When Clint, their bush pilot, promised that he was going to give them a sightseeing tour they'd never forget, fifteen-year olds Gabe Rogers and Raymond Providence had no idea that it was going to include a five-month survival struggle in Canada's Northwest Territories. After the destruction of their plane and Clint's death, Gabe and Raymond learn to survive through the help of Johnny Raven, Raymond's elderly great-uncle, a Native American. More important, they come to appreciate and understand Johnny's last words: "...take care of the land, take care of yourself, take care of each other." Readers who enjoyed Paulsen's Brian's Winter will find Hobbs's tale equally satisfying, as two boys from different cultures forge a bond and come to understand why tribal elders believe that young people must possess knowledge of the past in order to survive in the future.
School Library Journal
Gr 5 UpFrom the compelling cover illustration to the terrifying and plausible details, this survival adventure clearly demonstrates the author's love for and familiarity with the northern wilderness. Gabe, 15, formerly of San Antonio, enrolls in a boarding school in Canada's Northwest Territories to be closer to his father, an oil field worker. Gabe's likable but depressed roommate, Raymond, is an Athapascan Indian. A map helps readers follow along as circumstances involving a plane crash leave the teens and Johnny Raven, an elder from Raymond's village, stranded with minimal supplies as winter hardens. The plotting is fast paced and action filled as the teens' cultures clash, and as they struggle against the cold, blizzards, isolation, starvation, injury, a wolverine, grizzly bear, and Johnny's death before finally reaching safety. The weakest elements of the book may be the sermonlike "testament" the boys find in Johnny's pocket after his death, and the thread of mythic raven lore that is mentioned, then given up before becoming a major element again. Quibbles aside, with echoes as old as Jean Craighead George's classic My Side of the Mountain (Dutton, 1988) and reverberations from Paulsen and Phleger, this satisfying tale will engage YAs' hearts and minds.Joel Shoemaker, Southeast Jr. High School, Iowa City, IA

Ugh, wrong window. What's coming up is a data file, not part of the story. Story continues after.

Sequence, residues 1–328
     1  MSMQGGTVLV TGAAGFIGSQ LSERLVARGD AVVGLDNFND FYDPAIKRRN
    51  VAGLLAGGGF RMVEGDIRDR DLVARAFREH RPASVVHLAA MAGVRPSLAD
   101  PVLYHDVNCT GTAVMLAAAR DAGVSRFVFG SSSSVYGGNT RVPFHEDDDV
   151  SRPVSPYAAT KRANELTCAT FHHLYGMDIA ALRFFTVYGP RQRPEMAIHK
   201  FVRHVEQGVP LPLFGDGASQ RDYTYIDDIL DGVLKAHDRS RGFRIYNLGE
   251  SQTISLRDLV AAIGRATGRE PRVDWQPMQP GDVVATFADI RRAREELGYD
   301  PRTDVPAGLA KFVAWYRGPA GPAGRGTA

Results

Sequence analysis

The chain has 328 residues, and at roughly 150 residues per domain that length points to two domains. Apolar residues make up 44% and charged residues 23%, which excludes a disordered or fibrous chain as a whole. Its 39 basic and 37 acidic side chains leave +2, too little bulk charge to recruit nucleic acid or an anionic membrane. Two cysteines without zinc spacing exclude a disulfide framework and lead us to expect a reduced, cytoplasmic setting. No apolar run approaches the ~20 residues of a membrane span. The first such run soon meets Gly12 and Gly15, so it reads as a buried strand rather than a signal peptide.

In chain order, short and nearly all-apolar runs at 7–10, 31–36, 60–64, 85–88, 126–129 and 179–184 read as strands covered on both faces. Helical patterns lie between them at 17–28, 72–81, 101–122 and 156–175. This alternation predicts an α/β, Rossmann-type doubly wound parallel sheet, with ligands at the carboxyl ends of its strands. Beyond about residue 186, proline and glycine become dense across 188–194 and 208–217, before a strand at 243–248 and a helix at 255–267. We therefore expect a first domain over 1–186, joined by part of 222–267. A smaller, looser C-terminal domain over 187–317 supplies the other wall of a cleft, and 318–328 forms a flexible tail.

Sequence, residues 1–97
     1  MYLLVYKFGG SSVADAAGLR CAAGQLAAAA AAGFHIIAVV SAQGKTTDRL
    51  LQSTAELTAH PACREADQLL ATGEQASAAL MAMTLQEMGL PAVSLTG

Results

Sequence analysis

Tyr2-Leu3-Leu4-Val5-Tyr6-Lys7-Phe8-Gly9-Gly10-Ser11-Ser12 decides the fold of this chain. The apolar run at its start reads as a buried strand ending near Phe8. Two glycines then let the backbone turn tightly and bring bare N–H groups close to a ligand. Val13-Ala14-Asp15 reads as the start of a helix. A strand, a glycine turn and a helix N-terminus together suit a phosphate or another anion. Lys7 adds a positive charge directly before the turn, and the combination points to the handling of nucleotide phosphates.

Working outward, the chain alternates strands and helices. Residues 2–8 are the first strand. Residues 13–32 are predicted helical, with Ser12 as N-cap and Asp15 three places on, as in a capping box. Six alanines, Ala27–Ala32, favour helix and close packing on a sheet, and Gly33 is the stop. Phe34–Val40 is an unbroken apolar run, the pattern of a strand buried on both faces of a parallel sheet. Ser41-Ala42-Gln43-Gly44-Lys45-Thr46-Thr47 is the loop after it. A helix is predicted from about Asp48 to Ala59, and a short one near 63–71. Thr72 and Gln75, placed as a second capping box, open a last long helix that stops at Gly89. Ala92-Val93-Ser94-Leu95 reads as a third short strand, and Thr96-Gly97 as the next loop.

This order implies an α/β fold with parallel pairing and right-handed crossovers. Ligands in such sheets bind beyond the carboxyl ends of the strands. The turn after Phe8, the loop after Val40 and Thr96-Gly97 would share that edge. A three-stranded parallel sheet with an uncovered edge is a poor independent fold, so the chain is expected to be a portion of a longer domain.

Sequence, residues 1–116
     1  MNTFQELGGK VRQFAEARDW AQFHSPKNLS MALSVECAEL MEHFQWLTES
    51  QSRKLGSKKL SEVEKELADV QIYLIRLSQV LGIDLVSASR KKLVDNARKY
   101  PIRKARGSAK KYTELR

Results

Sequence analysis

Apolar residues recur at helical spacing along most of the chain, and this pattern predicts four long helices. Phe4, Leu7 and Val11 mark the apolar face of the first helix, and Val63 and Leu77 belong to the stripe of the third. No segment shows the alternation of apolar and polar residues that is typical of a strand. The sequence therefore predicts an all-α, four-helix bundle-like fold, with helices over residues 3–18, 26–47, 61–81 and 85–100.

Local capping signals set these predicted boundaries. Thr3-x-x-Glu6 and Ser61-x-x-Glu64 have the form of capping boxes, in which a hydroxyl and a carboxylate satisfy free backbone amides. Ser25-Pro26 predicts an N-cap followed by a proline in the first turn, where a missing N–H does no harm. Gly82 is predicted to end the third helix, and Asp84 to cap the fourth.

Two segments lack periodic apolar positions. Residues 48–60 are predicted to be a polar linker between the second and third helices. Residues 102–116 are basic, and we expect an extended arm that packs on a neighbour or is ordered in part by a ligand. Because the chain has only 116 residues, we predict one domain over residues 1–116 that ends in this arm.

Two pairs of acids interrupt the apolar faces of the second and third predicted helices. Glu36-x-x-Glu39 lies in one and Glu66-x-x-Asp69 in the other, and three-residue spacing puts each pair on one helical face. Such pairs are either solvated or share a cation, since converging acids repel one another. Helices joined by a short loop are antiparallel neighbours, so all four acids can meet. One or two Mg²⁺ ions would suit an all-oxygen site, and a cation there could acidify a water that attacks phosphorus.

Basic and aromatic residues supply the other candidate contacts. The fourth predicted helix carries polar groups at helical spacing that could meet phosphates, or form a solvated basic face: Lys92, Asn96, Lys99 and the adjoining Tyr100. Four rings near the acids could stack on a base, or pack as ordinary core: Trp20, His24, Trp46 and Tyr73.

After their plane and its pilot plunge over a thundering falls, 15-year-old Gabe, his DeneIndian boarding-school roommate Raymond, and the elderly DeneJohnny Raven are left stranded in the Canadian wilderness. The expected occurs: the wise old man calls on his deeply rooted knowledge of the land to keep the tiny group alive, leaving the boys to battle nature alone when he dies. You know Gabe survives, because he's telling the story, and as with many books in this genre, the characters (especially Johnny Raven, who's a total stereotype) are subordinated to the setting and action. Whether describing the burning of Johnny's corpse on a funeral pyre or depicting a battle with a bear, Hobbs drafts the events at just the right pace and with extraordinary detail. So, although this may be standard stuff, Hobbs' strong, sure hand ensures that it's never dull.
Stranded in an uninhabited area of Canada's Northwest Territories, two teenagers and an old Indian hunter face a winter so brutal residents call it "The Hammer." Gabe, 15, has come to boarding school in Yellow Knife to be nearer his oilman father. When his taciturn Athapaskan roommate, Raymond, quits school to fly back to his village, Gabe goes along. A spur-of-the- moment trip to see spectacular Virginia Falls turns into disaster when plane and pilot are swept away. Gabe and Raymond are left with a small cache of survival gear, plus a third passenger, Raymond's great-uncle, Johnny Raven, to keep them alive. Johnny teaches his two charges rudimentary survival skills, then finds them an old cabin in which to hole up before he dies. Weeks and repeated brushes with death later, the destruction of their food supply by a grizzly bear forces them into a grueling trek to Raymond's home. Although Hobbs (Beardance, 1993, etc.) doesn't write with the immediacy or meticulous attention to detail that Gary Paulsen brings to Brian's Winter (1996) or its prequel, Hatchet (1987), he summons plenty of uncontrived danger for his characters to face both foolishly and heroically. The conflict between modern and traditional ways is pervasive, as Raymond, a misfit in both worlds, struggles to find out who he is.